Garvey was the Black Lives Matter forerunner

Garvey was the Black Lives Matter forerunner

Sunday, June 28, 2020

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The civil rights movement that took place across the United States in the 1950s and 1960s was a monumental struggle to gain social justice and end discrimination against black people in America.

Now, in my schooldays, I don't recall that Jamaican students had much of American history on our curriculum. We had, of course, long boring hours of English history and a background to Jamaican history lionising Columbus's 'discoveries' and the English battles fought and won in the Caribbean. In civics classes we compared the English Constitution to the American, and were pointed to the US Constitution preamble and US President Abraham Lincoln's Gettysburg address as pearls of English literature. And rightly so.

We knew little, if anything about the American Civil War, and probably would have been very surprised that a great country like the US could have so divided itself to fight a four-year war that raged 1861 to 1865.

The Civil War was fought between the states in the northern part of America and some of the states in the south. The two main objectives of the northern states, led by Lincoln, were to preserve the Union as the United States of America — the southern states wanted to secede and form their own Confederation — and to abolish slavery which was championed by the south.

The war effectively ended on April 9, 1865 when Confederate General Robert E Lee surrendered to Union General Ulysses S Grant at the Battle of Appomattox Court House.

President Lincoln's Emancipation Proclamation, which went into effect following the end of the Civil War, was greeted with resentment by the losing southern states and after the war the former slaves continued to endure the debilitating effects of racism, especially in the south.

The infamous Jim Crow laws were established during the late 19th century to marginalise black people and to keep them separate from the whites. Blacks couldn't use the same public facilities as whites, eat in the same restaurants, stay in the same hotels, or go to the same schools.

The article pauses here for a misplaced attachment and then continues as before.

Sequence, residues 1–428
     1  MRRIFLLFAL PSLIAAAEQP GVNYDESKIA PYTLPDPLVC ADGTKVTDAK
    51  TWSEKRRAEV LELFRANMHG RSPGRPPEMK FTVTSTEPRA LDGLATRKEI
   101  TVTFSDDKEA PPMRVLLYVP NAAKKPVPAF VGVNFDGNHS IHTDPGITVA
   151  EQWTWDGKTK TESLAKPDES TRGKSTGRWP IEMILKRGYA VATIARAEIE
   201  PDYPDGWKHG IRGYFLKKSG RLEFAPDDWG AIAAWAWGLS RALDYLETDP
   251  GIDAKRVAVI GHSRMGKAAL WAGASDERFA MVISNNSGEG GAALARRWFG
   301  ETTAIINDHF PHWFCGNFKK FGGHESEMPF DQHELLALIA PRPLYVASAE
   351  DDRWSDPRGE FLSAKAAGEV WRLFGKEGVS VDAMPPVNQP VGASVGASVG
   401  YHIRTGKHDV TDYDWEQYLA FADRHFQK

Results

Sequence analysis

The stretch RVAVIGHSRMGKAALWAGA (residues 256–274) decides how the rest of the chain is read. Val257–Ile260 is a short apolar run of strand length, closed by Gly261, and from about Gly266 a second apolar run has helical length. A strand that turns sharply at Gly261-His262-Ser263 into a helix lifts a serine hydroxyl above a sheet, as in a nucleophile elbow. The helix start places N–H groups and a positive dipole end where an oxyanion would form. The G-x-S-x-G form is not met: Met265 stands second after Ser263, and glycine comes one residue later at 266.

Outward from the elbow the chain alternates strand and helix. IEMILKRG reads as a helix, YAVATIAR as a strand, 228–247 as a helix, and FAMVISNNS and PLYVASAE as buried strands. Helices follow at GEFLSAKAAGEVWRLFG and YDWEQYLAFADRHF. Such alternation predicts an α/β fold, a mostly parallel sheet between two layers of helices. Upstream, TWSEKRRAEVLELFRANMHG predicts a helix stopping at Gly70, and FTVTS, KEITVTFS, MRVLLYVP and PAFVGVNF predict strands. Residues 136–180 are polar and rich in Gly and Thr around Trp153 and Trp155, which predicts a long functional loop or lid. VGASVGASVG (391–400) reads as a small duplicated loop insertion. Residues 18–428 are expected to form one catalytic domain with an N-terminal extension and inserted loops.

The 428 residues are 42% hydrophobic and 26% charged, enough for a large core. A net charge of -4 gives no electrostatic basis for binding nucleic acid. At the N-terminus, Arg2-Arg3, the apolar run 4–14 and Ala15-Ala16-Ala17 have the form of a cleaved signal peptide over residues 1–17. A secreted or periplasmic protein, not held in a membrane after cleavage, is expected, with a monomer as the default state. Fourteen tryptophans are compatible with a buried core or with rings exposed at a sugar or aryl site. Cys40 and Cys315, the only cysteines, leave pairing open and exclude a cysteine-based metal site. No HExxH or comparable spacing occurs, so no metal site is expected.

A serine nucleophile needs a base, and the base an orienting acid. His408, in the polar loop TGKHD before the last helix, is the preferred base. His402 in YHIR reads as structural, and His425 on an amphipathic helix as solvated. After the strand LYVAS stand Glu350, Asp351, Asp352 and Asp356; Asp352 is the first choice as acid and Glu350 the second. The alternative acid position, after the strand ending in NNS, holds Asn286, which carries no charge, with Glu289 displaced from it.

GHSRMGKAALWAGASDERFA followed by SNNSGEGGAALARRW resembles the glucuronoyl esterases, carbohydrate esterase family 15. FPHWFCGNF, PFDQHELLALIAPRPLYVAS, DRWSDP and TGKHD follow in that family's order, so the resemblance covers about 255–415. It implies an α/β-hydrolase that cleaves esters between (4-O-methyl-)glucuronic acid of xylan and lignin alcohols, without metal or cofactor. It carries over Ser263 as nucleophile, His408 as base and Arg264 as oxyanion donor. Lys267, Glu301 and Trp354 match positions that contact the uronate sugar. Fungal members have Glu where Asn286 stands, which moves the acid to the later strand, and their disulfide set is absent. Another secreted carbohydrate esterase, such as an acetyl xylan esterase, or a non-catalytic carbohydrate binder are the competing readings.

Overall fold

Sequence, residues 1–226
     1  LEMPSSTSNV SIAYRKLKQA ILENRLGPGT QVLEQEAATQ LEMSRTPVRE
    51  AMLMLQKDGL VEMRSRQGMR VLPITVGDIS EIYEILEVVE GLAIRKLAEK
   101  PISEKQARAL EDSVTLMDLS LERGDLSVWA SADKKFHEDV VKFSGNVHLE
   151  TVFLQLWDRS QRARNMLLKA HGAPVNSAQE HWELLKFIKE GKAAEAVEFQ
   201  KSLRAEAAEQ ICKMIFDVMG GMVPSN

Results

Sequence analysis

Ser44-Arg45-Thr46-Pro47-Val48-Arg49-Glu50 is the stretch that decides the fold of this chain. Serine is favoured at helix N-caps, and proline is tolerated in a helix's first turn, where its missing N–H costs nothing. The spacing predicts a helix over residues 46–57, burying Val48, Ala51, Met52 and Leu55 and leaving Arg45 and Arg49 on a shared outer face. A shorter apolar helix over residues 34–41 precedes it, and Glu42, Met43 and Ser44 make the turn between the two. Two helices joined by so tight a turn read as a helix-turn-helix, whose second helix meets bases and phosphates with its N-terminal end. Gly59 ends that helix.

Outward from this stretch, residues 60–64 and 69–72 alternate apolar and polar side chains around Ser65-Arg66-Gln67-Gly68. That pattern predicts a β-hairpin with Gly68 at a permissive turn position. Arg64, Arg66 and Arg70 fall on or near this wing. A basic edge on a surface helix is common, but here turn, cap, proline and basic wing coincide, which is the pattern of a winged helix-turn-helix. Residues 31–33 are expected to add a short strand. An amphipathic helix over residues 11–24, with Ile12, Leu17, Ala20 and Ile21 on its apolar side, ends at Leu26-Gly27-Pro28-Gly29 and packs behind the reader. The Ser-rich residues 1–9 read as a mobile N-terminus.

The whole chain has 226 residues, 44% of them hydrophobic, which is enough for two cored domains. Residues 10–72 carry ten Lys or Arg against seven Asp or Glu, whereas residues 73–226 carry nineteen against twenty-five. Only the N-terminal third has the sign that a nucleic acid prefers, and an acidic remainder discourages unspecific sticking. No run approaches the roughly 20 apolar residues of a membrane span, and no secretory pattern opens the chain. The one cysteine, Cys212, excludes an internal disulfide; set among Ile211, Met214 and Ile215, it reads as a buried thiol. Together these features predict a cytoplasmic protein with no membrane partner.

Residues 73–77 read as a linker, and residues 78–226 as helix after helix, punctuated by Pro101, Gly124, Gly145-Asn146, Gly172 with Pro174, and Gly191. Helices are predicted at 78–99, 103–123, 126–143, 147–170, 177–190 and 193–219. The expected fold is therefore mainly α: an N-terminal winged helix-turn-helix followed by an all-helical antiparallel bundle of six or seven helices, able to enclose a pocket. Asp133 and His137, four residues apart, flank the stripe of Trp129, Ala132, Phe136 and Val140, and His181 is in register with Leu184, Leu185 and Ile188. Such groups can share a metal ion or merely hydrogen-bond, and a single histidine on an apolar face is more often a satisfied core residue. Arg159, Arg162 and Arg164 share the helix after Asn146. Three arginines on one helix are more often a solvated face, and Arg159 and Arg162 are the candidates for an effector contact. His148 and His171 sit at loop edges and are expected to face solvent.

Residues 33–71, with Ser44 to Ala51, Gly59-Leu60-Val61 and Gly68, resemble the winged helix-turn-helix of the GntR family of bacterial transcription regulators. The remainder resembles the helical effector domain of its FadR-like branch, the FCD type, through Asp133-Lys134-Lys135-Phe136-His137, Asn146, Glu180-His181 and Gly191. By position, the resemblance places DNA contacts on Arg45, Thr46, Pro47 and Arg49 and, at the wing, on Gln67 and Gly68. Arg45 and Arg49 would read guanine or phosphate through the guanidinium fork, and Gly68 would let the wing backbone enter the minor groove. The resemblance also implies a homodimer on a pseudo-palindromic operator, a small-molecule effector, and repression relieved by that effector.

From our haven in Jamaica we found it preposterous that America was treating its citizens this way. Prejudice existed in our island, yes, but was more in the nature of class prejudice. And, by the 1960s we had broken down the silent class barriers that kept us out of the Myrtle Bank swimming pool and from the bank teller and front desk positions open only to light-skinned fellow Jamaicans.

We were so dismissive of this errant nonsense about black vs white bathrooms and buses that an outspoken friend of mine, Lincoln Gabbidon, on vacation in the USA and on being told somewhere down south that “Sorry, Sir, but the dining room is reserved for whites only,” brushed aside the waiter with a “That's perfectly fine, young man, but that doesn't apply to us, we are Jamaicans,” and led his family group on to the property and insisted on getting served.

Well, by the mid-20th century the American blacks decided they had endured more than enough and, along with many white Americans, started to mobilise and rise up against the prejudice and the violence that was being meted out by law and by custom against their race.

The movement reached a high point on December 1, 1955 when a 42-year-old woman named Rosa Parks found a seat on a Montgomery, Alabama, bus after work. Segregation laws at the time stated black passengers must sit in designated seats at the back of the bus, and Parks had complied. When a white man got on the bus and couldn't find a seat in the white section at the front of the bus, the bus driver instructed Parks and three other black passengers to give up their seats. Parks refused and was arrested. Her resistance brought her heroine status, as the blacks, led by a young Martin Luther King Jr, rallied around her and she was to become known as the “mother of the modern-day civil rights movement”.

The movement grew, and by the early 1960s racial strife had gripped the country, with the non-violent protests met by beatings, brutality, fire hoses, snarling dogs, insults, and jail. Jamaicans at home reacted to this with disbelief and shock.

Then came the famous March on Washington that took place on August 28, 1963, undoubtedly the most celebrated event of the civil rights movement.

Some 250,000 people gathered at the Lincoln Memorial that day and heard for themselves Martin Luther King's “I have a dream” speech which was the highlight of the afternoon and which became a slogan for equality and freedom.